LeRoy Pennysaver & News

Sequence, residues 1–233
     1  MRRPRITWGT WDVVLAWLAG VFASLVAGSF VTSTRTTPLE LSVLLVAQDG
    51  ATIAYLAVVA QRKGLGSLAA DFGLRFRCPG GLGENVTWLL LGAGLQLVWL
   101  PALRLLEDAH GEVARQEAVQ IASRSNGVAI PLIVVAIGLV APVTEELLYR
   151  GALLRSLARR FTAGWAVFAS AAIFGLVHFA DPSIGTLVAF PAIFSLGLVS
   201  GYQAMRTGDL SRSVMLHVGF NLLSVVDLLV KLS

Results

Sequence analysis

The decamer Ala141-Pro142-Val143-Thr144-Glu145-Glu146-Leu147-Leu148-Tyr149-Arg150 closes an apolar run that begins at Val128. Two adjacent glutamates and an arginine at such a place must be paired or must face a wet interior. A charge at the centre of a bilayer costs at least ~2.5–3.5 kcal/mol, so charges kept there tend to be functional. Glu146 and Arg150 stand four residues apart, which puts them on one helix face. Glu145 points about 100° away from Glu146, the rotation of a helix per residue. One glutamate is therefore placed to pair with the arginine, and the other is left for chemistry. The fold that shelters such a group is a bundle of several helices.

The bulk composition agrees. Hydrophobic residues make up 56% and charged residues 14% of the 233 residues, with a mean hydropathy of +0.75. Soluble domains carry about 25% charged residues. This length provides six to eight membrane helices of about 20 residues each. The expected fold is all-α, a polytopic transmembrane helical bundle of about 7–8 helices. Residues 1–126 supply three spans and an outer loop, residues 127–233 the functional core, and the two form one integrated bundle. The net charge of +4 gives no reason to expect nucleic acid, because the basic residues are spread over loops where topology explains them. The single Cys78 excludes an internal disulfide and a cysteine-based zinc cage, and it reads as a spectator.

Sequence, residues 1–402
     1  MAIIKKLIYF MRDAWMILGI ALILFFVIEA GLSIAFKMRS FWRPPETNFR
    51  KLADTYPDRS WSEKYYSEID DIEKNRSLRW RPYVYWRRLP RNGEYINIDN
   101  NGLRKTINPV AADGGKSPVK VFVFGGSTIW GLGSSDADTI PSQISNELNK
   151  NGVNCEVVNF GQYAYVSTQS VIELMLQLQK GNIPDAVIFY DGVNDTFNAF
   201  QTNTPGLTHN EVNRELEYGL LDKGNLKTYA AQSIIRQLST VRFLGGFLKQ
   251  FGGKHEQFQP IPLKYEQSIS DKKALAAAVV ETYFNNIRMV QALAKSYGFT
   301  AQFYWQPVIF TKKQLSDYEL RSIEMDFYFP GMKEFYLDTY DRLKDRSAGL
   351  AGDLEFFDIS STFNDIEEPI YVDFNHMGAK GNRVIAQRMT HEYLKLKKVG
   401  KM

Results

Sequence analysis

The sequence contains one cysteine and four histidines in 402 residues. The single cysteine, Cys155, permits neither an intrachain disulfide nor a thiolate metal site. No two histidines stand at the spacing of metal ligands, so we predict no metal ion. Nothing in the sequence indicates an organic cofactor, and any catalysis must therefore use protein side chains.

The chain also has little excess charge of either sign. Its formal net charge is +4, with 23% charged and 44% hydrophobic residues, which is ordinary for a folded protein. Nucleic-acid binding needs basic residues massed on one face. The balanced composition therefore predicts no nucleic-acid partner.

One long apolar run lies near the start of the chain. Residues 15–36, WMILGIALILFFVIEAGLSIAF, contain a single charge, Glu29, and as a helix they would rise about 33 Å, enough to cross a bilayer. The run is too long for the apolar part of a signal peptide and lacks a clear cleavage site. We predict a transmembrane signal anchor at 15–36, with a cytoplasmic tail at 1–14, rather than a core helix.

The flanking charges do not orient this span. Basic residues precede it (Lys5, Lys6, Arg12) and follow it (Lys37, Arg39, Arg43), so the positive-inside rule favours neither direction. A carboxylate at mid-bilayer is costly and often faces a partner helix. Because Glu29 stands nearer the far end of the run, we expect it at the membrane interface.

LE ROY PENNYSAVER & NEWS - APRIL 10, 2022 by Lynne Belluscio The Little League teams have once again gathered behind LeRoy House to get ready for the 2022 season. The high school teams have already begun their season. The Baseball Hall of Fame in Cooperstown has announced their 2022 inductees who will be honored on July 24. The Rochester Red Wings open their 2022 season on April 12 – and yes, I have my tickets for the game. There is no question that baseball has a long history in Western NewAYo r k .AI nALeRoy, John Olmsted wrote in his “Recollections of Boyhood in LeRoy:” I played baseball when it was the fashion to “spot” the runner with the ball as he passed from base to base. Later on, we had a club called the "ibexes", a name derived after much search from an animal book which we owned, since ibexes were the swiftest runners of all four-footed things. We proceeded to carry out the idea by choosing as our short stop a thick, muddle-headed Scotch boy, whose sole qualification for the position was that his father had a pair of blue army pants thick and heavy enough to stop even a cannon ball. Girded on with this panoply of war, our player could run around the bases in about the same time that one of Oliver’s Ironsides might have made, but he was a great short stop. No ball ever got by him – if it happened to hit his legs.” Baseball evolved from several other ball games, such as cricket and rounders. Rules were often different from town to town. And unfortunately, the truth is, Abner Doubleday did not “invent” baseball in 1839. Early accounts of baseball can be found in 1778. George Ewing, a Revolutionary War soldier tells of playing a game of “base” at Valley Forge. In 1744, John Newbery o fALo n d o n , Ap u b l i s h e d “A Little Pretty Pocket” which contained a rhymed description of “Baseball.” The book was republished in 1762, and again in 1787. In Rochester, in 1825, there was a baseball club of fifty members that played every afternoon during the season. The infamous Thurlow Weed wrote about the Rochester game and even listed the players who were very prominent members of Rochester society. If there was anyone who should be credited with “inventing” baseball, it should be Alexander Cartwright, a young bank teller of New York City. His rules prohibited “soaking” or “pegging” the runner with the ball for an out. He established 90-foot base lines and the position of short stop. He established a batting order, limited a team to nine players and made three outs to a side. So, how did General Abner Doubleday get into the story? Even Doubleday failed to mention that he had anything to do with p l a y i n gAb a s e b a l l . AH e at tendedAWestPointAand fought in the Civil War, but he was long dead by the time he was credited with inventing baseball. In 1889, two hundred people gathered in Delmonico’s Restaurant in New York City to honor Albert Spalding’s professional baseball team that had just returned from a world tour. (Spalding was a former pitcher, manager, founder of the National League, and co-founder of Spaulding sporting goods company. He was inducted into the Baseball Hall of Fame when it opened in 1939.) At the gathering at Delmonico’s, the President of the National League, Abraham Mills stated that he wanted it known that baseball was American in origin. He appointed a committee of seven men to prove once and for all that baseball was an American sport. Information was collected for three years and on December 30, 1907, the report was presented and of course it stated that baseball originated in the United States and according to the “best evidence obtainable,” General Abner Doubleday devised the game in Cooperstown in 1839.” Plain and simple - - it was a story that the committee made up. Never the less a building was erected in Cooperstown and a field was built, known as Doubleday Field. I have played a game on that field, and as an eight-year-old, I stood on the mound and my father took my photograph. And as much as I would love to believe that General Abner Doubleday was around in 1839 to “invent baseball”, I know he wasn’t. LeRoy’s history also includes Tom McGinnis’ g r a n d f a t h e r , A R a b b i t Maranville who was inducted into the Hall of Fame in 1954. It also includes the story of the “Aces” a Black ball team who won the championship in 1948, but were denied the traditional banquet and recognition. LeRoy’s history includes photographs of the Oatka Baseball Club, standing on the front steps of the Eagle Hotel in 1870, and the story of the Oatka Club, who in 1873 played the match game on Trigon Park. Over 1000 people came to watch the game, which they lost to East Bethany 100 to 74. Yes, baseball season has begun. And in case you haven’t heard, on Monday June 13, the Batavia Muckdogs are hosting LeRoy night at 6 pm. Put the date on your calendar! See you there! Baseball Season